People don't like me. I'm not sure why this is, but I know it's true. I can see it in their eyes. Take this very morning, for instance. I was riding through downtown Manhattan, on a relatively quiet street, in a relatively empty bike lane, and to the best of my knowledge I was in compliance with every single local traffic law. (As far as I know there's no law against cycling in stockings and heels, even in December.) As I rode, I noticed that there was a pedestrian walking towards me carrying a bag full of take-out, right in the middle of the bike lane.
Sometimes in New York City, when the sidewalks are choked with humanity, a few errant souls will stray into the bike lane. It's almost unavoidable. In this case though there was plenty of room on the sidewalk--in fact it could just as easily have been a sidewalk on Main Street in Anytown, USA. (The sidewalks on Main Street in Anytown, USA are pretty empty now because of the economy.) Finally, he looked up at me, and I shrugged and pointed to the sidewalk.
"Shut up," he said to me disgustedly.
Frankly, I was shocked, and I don't shock easily. (Except when I drag my high heels along my shag carpet and then touch the doornob.) Firstly, I hadn't uttered a word, so I don't know why the "shut up" was even warranted. Secondly, try as I might, I could think of no good reason for why he would choose to walk in the street instead of on the sidewalk (which as I said was free from crowds) where his chances of being run down by a cyclist or motorist were significantly less.
It just so happens that this was one of those bright green bike lanes, so I thought that perhaps he just has a compulsion to walk on green surfaces. Maybe he's got a house full of green carpeting, and this makes him feel at home. Or maybe he pines for Anytown, USA and mistook the bike lane for grass. Eventually, though, I ruled these out, and decided it was because he, like everybody else, simply hates me on sight.
I know what you're thinking. You're thinking, "You couldn't possibly be that objectionable. He just didn't like you because you were on a bike." Well, I don't buy that. Plenty of other people who ride bikes are popular. Moreover, people on bikes don't like me either. A reader recently confirmed this to me when he forwarded me a link to the "Cyclist Project," which is the work of a photographer called Marisabaz, and which you can peruse on her Flickr page. Here are some examples from it:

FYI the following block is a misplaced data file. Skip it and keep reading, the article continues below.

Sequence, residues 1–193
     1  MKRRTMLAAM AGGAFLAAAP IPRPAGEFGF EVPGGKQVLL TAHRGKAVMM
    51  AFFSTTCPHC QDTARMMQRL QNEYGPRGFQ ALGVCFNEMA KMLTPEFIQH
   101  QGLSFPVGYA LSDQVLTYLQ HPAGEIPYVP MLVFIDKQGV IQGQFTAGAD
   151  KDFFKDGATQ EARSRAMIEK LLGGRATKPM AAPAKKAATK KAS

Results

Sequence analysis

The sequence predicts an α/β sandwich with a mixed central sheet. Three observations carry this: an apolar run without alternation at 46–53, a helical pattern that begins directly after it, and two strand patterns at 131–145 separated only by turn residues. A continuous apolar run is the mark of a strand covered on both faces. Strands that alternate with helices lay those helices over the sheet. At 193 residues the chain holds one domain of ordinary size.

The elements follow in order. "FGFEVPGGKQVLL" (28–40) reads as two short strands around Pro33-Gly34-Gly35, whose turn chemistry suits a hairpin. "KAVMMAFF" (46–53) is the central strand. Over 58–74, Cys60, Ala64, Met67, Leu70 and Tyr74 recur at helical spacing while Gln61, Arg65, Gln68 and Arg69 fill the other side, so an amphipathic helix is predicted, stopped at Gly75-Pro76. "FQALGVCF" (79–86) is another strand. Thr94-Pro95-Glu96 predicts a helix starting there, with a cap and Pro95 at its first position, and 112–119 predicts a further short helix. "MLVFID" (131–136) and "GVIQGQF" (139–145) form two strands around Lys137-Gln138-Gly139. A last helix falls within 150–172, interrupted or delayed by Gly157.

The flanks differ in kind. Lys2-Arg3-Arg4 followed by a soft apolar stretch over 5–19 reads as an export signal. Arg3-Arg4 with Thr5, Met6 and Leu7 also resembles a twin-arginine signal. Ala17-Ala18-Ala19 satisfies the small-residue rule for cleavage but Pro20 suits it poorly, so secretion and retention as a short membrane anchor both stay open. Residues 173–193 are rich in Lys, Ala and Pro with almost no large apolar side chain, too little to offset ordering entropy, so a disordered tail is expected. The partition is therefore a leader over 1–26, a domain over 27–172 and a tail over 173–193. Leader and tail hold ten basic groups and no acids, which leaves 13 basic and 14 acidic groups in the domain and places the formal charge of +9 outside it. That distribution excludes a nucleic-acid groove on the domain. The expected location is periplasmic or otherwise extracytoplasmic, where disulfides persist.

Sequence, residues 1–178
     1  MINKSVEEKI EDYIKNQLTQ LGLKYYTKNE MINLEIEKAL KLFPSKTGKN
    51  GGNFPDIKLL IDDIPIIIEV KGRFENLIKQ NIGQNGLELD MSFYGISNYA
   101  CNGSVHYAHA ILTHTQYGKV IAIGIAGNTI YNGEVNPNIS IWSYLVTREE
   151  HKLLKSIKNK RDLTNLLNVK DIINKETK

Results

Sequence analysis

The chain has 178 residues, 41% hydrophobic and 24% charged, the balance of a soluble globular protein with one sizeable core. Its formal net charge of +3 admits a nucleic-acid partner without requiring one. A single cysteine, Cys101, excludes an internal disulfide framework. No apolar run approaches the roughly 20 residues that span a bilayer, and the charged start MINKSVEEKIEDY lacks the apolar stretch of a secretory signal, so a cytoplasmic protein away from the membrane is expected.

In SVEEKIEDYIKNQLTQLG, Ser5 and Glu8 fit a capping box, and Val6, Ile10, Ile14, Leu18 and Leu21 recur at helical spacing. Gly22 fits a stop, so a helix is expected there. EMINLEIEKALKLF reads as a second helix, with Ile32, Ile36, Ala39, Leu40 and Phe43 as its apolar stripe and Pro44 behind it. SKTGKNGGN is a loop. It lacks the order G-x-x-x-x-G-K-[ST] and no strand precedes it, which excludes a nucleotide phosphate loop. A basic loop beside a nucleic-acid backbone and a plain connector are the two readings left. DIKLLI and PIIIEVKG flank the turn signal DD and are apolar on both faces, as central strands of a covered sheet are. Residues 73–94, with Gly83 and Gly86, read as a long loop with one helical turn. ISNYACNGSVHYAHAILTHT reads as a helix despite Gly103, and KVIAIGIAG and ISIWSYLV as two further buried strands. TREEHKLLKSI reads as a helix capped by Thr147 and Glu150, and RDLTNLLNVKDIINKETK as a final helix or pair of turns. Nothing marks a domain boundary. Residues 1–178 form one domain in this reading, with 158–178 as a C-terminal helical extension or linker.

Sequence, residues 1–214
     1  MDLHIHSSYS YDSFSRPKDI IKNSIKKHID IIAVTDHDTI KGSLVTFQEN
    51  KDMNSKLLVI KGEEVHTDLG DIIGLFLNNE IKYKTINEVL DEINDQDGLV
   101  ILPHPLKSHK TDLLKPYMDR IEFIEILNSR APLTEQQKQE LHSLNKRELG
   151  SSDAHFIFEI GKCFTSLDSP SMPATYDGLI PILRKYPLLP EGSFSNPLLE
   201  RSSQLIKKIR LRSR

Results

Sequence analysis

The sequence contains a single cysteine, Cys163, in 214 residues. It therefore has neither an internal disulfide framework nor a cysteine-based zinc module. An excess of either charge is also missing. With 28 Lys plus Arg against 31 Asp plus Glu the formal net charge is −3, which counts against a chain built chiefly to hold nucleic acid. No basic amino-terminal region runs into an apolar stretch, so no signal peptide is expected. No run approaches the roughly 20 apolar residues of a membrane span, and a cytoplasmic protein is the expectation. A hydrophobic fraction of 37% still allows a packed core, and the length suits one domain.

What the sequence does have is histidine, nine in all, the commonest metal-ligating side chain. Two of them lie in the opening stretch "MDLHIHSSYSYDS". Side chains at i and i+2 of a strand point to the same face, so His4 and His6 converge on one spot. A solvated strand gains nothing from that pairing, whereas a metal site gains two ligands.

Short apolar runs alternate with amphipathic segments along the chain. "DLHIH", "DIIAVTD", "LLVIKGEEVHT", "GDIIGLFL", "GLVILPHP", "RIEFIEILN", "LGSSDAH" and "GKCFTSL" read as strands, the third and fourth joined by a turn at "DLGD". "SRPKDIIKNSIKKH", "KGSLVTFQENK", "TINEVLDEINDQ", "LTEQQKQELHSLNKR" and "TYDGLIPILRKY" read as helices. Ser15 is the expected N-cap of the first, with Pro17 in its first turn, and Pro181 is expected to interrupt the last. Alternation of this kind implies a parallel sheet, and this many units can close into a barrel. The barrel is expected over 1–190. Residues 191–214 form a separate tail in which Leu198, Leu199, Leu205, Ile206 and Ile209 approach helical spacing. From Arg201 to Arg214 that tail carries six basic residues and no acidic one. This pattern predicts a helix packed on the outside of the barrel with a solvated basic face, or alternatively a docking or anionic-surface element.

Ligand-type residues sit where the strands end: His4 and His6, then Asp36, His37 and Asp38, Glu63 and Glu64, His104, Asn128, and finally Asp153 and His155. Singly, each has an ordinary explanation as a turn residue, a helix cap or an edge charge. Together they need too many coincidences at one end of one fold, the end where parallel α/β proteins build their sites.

Wow, I'd been wondering why fixed-gear riders have so many tattoos! Now I know. I can relate, because I was once doored by the owner of a bagel shop. I didn't get any money out of the deal, but he did promise to keep me in day-old bialys for the rest of my life. Sure, I may never be regular again, but at least I'll never go hungry.
Yes, the guy with the scary eyes totally wasn't wearing contacts at all, was he? That's because he was a drug addict, and he was selling you a stolen bike in order to purchase more drugs. That would explain the scary eyes and $20 price tag. Welcome to New York City! I'm guessing you haven't been here long, because if you had: a) you would have realized that; and b) you would have held fast at $5. In a way though, it's sort of charming that one person's drug-addicted thief is another's Bike Fairy flitting about Williamsburg and selling cheap bikes. Did he look like the dad from "Alf?" I heard he's been having hard times, and it's entirely possible he's moved into freelance bike retail. (By the way, don't blame "Alf" dad for the "curse." There's no such thing as a curse, but there is such a thing as a crappy bike.)
Naivetee notwithstanding, I like the "Cycling Project." In fact, I like it so much I went ahead and made my own entry based on this not-safe-for-work link, forwarded to me by a reader:
"I ride a bike because I have an ample bosom and people pay me to straddle them in my underpants! XOXO, Sophie!"
Good for you, Sophie! No matter what you're straddling, keep the rubber side down.
So if you're wondering how the big bike love-in that is the "Cycling Project" managed to remind me that people don't like me, here's your answer:
As you may or may not know, way back in the middle of the summer I noticed this bike at the Harlem criterium and made an offhand remark. This upset the owner, so I attempted to explain myself. That, I had assumed, was that--until I saw that the owner is apparently still angry at me.
I mention this not to goad the owner, but only because I'm dismayed he's still angry and I want to assure him and the rest of cycledom that I have no designs on taking away anyone's "real bike joy." And perhaps worst of all, the anger he still feels towards me has contaminated what is otherwise a lovely project, so hopefully by reiterating my lack of malicious intent I can help air out any residual bitterness that still lays hidden in the folds of time. (As well as avoid any more clumsy metaphors.)